Pronunciation: [pa-PREE-kuh; PAP-ree-kuh]

Used as a seasoning and garnish for a plethora of savory dishes, paprika is a powder made by grinding aromatic sweet red pepper pods. The pods are quite tough, so several grindings are necessary to produce the proper texture. The flavor of paprika can range from mild to pungent and hot; the color, from bright orange-red to deep blood-red. Most commercial paprika comes from Spain, South America, California and Hungary, with the Hungarian variety considered by many to be superior. Indeed, Hungarian cuisine has long used paprika as a mainstay flavoring rather than simply as a garnish. Pimenton is a special Spanish paprika made from peppers that have been slowly smoked and dried over oak fires. The process gives the peppers a rich, smoky quality. There are three versions of pimenton—sweet and mild (dulce), bittersweet medium-hot (agridulce) and hot (picante). Pimentón de Murcia and Pimentón de la Vera have both been awarded protected designation of origin status by the European Union. This coveted standing means products labeled as such must be produced using traditional techniques and only in specific areas of Spain. All supermarkets carry mild paprikas, whereas ethnic markets must be searched out for the more pungent varieties; gourmet markets carry exotic styles such as pimenton. As with all herbs and spices, paprika should be stored in a cool, dark place for no more than six months.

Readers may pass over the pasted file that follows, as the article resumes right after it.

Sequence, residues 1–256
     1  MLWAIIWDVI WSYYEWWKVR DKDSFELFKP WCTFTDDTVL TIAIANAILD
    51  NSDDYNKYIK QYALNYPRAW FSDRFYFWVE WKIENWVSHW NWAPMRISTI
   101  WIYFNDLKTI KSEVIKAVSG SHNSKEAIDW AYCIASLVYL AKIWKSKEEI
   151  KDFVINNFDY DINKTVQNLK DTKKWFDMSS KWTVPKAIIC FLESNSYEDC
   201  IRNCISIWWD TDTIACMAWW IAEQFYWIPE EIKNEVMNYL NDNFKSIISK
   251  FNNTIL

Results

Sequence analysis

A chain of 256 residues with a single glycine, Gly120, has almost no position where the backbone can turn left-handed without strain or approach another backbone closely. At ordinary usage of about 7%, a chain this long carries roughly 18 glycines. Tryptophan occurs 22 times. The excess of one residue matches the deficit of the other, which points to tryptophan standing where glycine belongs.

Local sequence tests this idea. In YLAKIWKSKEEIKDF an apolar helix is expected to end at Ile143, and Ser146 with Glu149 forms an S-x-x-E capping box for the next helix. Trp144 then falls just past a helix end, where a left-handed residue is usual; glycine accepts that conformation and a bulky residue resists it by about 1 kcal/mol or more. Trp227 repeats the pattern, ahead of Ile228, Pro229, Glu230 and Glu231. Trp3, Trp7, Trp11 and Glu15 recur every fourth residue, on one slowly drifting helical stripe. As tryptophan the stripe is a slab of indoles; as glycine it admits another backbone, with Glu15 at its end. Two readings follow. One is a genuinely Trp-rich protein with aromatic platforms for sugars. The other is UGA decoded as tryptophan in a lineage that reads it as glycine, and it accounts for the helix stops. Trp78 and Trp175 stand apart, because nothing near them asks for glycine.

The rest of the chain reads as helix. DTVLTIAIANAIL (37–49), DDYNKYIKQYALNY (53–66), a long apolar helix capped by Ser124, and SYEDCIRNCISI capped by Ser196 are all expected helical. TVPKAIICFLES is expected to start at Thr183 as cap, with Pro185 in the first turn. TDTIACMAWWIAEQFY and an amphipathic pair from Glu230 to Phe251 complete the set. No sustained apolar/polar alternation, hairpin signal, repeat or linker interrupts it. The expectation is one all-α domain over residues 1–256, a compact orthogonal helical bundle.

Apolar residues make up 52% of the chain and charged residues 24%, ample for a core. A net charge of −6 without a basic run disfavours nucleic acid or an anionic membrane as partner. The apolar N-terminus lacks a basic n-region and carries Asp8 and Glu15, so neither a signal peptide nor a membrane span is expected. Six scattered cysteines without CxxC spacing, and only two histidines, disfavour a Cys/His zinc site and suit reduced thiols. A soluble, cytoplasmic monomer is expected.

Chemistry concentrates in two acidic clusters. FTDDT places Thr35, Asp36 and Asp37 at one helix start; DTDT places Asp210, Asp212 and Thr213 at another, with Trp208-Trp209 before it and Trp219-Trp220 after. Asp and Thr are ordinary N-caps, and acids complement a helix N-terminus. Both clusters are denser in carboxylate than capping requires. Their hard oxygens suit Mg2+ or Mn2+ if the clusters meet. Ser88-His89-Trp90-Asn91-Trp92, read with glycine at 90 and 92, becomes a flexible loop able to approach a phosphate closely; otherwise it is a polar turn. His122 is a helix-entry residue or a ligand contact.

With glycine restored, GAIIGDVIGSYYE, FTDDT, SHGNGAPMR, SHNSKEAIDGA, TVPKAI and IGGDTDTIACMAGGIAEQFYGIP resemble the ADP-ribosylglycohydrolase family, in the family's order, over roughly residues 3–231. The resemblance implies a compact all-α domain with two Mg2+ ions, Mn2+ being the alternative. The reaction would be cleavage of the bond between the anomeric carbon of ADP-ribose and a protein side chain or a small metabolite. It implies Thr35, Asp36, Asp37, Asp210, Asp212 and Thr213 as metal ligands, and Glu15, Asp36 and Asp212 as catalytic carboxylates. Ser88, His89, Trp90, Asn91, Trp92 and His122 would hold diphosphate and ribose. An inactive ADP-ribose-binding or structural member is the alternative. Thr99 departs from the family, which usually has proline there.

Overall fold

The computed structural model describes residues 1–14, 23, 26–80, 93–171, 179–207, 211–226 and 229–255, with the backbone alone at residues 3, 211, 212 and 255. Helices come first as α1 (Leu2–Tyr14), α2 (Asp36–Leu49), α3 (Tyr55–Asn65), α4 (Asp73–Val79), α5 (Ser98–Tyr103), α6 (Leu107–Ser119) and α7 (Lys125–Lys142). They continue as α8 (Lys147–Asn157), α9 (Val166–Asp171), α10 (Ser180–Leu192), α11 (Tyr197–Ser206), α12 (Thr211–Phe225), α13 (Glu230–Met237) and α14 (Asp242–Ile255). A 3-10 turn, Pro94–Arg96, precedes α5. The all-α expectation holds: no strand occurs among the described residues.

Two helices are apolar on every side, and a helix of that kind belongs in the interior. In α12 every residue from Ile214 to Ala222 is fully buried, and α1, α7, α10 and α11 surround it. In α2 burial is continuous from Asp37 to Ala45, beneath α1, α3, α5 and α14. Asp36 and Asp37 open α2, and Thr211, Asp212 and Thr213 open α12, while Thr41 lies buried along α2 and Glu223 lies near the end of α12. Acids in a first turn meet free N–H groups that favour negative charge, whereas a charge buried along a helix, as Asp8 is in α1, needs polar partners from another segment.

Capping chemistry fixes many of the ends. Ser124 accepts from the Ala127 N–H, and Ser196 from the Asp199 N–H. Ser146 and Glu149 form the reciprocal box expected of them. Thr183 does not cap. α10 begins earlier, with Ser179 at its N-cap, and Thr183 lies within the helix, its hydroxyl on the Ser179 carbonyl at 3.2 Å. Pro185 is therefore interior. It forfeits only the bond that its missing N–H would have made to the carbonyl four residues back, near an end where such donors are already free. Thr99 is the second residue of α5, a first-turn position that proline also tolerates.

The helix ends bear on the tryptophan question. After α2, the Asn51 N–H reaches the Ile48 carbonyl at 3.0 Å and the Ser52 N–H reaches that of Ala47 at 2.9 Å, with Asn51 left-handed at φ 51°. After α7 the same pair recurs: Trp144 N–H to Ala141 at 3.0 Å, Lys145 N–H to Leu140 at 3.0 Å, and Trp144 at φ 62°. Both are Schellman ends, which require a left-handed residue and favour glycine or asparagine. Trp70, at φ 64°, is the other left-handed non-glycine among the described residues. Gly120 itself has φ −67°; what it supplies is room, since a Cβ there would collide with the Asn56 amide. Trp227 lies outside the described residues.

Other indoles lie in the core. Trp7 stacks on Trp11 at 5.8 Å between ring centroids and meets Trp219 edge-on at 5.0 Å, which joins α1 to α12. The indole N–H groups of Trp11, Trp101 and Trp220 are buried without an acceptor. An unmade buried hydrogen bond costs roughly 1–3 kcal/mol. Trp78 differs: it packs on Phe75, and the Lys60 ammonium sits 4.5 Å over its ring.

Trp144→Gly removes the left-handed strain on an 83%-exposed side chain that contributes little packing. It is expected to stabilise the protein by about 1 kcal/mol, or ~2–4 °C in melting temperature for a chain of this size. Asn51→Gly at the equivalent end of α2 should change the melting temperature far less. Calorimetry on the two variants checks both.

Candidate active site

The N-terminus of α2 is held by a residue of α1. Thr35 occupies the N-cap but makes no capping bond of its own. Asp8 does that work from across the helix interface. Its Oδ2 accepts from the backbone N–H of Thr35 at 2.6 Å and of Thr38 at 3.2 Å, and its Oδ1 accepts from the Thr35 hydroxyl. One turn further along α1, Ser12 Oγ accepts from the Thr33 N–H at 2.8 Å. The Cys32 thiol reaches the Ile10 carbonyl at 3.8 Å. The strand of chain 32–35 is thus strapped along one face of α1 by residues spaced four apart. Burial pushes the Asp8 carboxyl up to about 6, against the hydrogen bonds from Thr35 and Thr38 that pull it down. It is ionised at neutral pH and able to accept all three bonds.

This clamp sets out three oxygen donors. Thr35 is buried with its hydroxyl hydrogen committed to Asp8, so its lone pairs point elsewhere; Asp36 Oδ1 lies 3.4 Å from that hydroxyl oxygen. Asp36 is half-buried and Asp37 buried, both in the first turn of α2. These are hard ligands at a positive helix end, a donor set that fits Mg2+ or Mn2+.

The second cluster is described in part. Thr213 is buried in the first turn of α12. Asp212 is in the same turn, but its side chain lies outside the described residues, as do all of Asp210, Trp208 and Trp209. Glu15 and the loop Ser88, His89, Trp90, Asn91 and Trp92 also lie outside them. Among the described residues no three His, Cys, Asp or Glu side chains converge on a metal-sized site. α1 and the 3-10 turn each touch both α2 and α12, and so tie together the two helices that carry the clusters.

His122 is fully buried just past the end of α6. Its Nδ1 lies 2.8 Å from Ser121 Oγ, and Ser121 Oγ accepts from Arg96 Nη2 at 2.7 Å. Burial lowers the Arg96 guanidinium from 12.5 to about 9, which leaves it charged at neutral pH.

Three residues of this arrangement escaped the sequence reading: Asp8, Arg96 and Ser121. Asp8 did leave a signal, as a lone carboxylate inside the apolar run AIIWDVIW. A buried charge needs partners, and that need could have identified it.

From The Food Lover's Companion, Fourth edition by Sharon Tyler Herbst and Ron Herbst. Copyright © 2007, 2001, 1995, 1990 by Barron's Educational Series, Inc.

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